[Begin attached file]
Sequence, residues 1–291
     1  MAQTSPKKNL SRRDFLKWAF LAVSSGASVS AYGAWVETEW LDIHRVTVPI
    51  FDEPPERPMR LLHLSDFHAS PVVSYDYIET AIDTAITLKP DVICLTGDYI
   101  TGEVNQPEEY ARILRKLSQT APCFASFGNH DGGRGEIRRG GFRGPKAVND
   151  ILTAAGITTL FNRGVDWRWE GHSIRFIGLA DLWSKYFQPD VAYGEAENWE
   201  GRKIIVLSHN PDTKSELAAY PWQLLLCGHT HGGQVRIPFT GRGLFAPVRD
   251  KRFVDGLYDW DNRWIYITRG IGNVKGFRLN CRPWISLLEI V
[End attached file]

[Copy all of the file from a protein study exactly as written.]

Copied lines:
Sequence, residues 1–291
     1  MAQTSPKKNL SRRDFLKWAF LAVSSGASVS AYGAWVETEW LDIHRVTVPI
    51  FDEPPERPMR LLHLSDFHAS PVVSYDYIET AIDTAITLKP DVICLTGDYI
   101  TGEVNQPEEY ARILRKLSQT APCFASFGNH DGGRGEIRRG GFRGPKAVND
   151  ILTAAGITTL FNRGVDWRWE GHSIRFIGLA DLWSKYFQPD VAYGEAENWE
   201  GRKIIVLSHN PDTKSELAAY PWQLLLCGHT HGGQVRIPFT GRGLFAPVRD
   251  KRFVDGLYDW DNRWIYITRG IGNVKGFRLN CRPWISLLEI V